gambling, should not be prosecuted for illegal gambling and illegal possession of
gambling paraphernalia. Using gambling paraphernalia is inherent in the
commission of illegal gambling.

However, the Supreme Court, First Division in People vs. Casacop, G.R. No.
210454, January 13, 2016 did not apply the Poh Chi principle that possession of
dangerous drugs absorbed possession of drug paraphernalia. In Casacop case,
after the accused was apprehended for selling drugs, plastic sachets containing
shabu, an improvised glass tooter containing shabu residue and the rolled
aluminum foil with shabu residue were found in his pocket. He was convicted of
three separate crimes of sale of dangerous drugs under Section 5, possession of
dangerous drug under Section 11 and possession of drug paraphernalia under
Section 12.

In People vs. Piad, G.R. No. 213607, January 25, 2016, the Supreme Court,
Second Division, sustained the conviction of the accused for possession of
dangerous drugs and possession of drug paraphernalia.
Despite of the Casacop case and Piad case, it is my submission that the Pho Chi
principle is still a good rule. The Supreme Court in Casacop case and Piad case is
not sitting En Banc. Hence, it cannot abandon the Pho Chi case. Under Section 4,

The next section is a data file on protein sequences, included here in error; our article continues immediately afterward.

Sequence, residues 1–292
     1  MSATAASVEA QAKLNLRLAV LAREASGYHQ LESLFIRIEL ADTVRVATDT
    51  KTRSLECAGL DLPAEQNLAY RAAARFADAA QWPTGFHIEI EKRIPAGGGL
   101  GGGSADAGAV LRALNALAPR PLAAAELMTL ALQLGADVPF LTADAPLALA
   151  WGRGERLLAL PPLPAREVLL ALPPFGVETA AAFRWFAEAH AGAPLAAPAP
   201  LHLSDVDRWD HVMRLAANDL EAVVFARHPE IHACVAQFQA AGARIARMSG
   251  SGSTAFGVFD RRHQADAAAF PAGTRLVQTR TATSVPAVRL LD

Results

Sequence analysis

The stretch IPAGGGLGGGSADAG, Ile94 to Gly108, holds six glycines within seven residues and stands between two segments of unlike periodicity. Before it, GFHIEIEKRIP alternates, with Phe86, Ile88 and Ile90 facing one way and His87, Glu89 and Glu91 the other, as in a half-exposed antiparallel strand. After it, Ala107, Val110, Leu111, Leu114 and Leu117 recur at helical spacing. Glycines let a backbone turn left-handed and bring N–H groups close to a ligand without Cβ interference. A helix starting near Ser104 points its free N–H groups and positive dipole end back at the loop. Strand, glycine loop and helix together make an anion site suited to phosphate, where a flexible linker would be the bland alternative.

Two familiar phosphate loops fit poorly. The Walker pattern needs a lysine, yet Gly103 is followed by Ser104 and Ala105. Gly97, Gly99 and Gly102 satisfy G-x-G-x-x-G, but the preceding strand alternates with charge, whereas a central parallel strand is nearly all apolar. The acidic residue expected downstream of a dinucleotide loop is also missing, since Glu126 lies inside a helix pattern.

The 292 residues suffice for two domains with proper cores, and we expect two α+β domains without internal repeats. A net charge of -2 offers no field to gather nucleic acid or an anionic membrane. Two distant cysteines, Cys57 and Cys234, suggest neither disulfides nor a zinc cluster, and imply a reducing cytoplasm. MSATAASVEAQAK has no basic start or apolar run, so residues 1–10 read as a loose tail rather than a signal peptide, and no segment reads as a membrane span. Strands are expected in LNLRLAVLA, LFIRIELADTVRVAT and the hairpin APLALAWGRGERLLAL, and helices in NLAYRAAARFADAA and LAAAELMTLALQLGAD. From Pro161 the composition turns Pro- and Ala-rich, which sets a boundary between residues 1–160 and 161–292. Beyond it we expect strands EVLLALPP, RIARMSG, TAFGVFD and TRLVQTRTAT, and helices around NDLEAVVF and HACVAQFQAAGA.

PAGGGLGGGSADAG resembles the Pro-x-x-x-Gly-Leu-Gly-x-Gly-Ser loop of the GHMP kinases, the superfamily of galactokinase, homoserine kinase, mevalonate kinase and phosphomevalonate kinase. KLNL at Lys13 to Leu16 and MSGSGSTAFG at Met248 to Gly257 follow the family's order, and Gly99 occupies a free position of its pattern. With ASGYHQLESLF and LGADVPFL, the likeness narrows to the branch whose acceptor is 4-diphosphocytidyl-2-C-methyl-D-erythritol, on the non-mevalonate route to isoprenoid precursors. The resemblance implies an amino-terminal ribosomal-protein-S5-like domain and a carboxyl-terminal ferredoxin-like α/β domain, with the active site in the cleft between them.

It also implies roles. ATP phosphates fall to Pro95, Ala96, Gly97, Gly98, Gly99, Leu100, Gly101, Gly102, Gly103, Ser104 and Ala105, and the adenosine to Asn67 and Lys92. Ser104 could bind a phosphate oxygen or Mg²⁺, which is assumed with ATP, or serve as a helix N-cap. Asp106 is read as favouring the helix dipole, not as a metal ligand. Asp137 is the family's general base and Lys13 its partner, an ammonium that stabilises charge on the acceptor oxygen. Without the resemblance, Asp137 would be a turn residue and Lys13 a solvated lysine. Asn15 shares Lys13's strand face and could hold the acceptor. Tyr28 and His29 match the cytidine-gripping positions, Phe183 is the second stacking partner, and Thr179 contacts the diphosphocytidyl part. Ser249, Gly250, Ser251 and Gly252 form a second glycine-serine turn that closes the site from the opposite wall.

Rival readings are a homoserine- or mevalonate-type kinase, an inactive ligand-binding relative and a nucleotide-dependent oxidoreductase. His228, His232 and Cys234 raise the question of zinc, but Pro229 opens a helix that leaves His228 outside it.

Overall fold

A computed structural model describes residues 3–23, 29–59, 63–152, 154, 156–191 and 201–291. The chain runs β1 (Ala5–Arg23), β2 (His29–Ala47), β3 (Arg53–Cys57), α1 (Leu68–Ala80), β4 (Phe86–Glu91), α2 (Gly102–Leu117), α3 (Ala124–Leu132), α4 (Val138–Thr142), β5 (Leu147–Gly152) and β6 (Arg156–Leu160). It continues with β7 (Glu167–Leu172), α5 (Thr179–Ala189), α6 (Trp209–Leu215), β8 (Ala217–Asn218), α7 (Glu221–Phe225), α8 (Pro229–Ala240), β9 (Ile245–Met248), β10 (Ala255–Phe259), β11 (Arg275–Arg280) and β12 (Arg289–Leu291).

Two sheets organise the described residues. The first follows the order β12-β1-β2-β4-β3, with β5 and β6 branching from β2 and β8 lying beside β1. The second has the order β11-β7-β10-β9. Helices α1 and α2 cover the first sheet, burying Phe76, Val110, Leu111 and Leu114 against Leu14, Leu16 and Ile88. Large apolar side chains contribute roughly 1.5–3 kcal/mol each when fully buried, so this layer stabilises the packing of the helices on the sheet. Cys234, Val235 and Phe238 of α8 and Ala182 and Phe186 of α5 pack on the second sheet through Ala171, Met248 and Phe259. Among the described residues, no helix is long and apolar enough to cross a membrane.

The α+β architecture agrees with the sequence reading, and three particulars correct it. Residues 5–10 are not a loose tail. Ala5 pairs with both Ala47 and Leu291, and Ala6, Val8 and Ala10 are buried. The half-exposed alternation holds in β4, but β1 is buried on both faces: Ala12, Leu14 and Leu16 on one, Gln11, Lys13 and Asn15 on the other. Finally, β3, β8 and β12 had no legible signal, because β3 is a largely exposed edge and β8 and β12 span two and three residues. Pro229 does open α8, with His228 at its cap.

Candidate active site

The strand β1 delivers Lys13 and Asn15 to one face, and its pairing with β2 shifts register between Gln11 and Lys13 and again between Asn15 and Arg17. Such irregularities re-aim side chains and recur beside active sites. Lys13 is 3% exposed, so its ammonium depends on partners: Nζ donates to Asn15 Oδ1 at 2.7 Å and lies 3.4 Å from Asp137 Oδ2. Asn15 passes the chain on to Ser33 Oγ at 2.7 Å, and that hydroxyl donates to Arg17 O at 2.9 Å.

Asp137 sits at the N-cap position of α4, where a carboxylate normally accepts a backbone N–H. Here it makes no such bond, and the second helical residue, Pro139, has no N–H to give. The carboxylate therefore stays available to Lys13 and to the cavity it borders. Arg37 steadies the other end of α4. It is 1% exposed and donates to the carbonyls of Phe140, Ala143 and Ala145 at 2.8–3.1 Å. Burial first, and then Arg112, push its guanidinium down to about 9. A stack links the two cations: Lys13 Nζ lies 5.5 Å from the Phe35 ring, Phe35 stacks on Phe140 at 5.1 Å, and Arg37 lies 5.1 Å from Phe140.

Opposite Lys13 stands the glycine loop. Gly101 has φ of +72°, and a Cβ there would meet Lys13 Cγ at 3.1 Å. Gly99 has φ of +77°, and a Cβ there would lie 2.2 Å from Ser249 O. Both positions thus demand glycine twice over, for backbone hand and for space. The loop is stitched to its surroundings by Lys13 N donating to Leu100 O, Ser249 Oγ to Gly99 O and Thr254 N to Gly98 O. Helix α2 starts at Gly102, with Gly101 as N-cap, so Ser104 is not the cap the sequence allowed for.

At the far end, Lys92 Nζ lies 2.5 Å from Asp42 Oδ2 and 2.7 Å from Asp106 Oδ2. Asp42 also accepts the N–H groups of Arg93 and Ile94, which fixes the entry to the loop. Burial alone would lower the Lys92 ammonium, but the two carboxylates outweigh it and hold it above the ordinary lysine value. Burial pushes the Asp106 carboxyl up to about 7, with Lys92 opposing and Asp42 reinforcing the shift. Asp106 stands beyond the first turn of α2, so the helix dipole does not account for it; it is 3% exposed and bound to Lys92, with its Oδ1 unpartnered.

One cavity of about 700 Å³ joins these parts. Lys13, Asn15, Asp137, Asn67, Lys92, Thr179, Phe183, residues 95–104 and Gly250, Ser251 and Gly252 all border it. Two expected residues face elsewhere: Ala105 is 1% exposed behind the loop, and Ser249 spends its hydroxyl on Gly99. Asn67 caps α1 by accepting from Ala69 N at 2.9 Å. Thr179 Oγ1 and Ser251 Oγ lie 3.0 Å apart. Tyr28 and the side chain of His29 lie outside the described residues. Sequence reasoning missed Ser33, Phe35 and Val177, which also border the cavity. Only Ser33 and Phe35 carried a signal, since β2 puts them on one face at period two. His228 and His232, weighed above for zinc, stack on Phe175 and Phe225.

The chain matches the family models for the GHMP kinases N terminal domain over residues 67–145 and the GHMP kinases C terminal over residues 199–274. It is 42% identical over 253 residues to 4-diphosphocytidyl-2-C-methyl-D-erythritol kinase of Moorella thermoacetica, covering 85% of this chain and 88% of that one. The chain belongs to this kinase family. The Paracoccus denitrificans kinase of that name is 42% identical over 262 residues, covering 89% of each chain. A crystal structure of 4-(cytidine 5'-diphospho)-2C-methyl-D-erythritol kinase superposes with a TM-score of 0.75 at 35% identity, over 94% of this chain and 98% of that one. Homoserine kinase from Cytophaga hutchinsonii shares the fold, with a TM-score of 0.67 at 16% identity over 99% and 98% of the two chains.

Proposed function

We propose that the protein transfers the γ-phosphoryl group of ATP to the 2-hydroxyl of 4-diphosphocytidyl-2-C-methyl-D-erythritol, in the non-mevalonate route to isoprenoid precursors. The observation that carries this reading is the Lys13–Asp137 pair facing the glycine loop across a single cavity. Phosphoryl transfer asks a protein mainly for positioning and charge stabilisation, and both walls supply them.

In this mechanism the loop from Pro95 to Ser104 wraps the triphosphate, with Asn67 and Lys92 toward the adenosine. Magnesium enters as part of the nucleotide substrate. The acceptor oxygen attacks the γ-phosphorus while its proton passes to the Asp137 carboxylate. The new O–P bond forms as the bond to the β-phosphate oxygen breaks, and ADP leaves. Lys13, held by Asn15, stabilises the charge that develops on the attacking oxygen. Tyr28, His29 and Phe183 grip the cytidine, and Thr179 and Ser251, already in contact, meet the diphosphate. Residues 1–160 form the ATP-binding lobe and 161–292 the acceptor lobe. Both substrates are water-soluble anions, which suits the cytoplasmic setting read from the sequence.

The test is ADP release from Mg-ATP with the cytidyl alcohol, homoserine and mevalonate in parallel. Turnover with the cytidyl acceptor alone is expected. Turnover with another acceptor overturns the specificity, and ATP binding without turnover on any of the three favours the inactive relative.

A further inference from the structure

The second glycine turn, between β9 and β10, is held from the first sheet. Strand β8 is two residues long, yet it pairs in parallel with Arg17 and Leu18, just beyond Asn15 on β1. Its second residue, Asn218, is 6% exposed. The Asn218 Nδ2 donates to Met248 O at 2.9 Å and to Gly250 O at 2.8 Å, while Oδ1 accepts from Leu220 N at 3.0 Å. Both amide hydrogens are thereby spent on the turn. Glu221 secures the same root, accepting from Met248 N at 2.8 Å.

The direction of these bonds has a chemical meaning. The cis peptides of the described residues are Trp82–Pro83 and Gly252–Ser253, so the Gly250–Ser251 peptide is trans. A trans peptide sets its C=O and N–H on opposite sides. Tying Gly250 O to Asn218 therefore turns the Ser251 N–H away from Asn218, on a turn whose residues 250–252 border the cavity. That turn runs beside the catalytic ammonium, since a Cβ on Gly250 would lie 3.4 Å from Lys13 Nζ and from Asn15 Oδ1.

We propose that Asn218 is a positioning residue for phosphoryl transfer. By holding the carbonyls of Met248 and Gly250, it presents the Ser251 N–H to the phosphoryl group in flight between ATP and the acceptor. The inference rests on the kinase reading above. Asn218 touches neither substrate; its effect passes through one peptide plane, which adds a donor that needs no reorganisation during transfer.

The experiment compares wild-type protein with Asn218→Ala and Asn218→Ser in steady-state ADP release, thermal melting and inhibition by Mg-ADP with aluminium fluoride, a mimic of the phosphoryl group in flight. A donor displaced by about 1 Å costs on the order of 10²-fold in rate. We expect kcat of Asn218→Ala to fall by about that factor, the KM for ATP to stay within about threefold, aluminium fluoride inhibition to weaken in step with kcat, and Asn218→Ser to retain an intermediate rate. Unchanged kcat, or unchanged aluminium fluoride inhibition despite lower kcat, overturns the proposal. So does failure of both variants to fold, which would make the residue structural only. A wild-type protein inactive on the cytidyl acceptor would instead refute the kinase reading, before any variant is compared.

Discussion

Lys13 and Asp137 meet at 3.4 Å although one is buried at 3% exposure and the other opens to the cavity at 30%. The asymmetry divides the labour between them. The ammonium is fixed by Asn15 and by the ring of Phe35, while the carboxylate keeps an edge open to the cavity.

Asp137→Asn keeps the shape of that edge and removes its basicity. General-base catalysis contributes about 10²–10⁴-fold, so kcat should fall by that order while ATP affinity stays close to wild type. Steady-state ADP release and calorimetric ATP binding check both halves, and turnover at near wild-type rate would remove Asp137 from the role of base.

Article VIII of the Constitution, no doctrine or principle of law laid down by the
court in a decision rendered en banc or in division may be modified or reversed
except by the court sitting en banc.

In Zoomzat, Inc vs. People, G.R. No. 135535, February 14, 2005, the Supreme
Court, First Division made an interpretation of Section 3 (e) of RA No. 3019,
which is different from that made by the Supreme Court En Banc in Mejorada vs.
Sandiganbayan, G.R. No. L-51065-72, June 30, 1987. According to the case of
Stilgrove vs. Sabas, A.M. No. P-06-2257, March 28, 2008, Mejorada was decided
by the Court en banc. Following the constitutional mandate that no doctrine or
principle of law laid down by the Court in a decision rendered en banc or in
division may be modified or reversed except by the Court sitting en banc, the case
of Zoomzat cannot reverse the pronouncement in Mejorada, the former case
having been decided by a Division of the Court.

NOTE: For purpose of the bar exam, please follow the Casacop case and Piad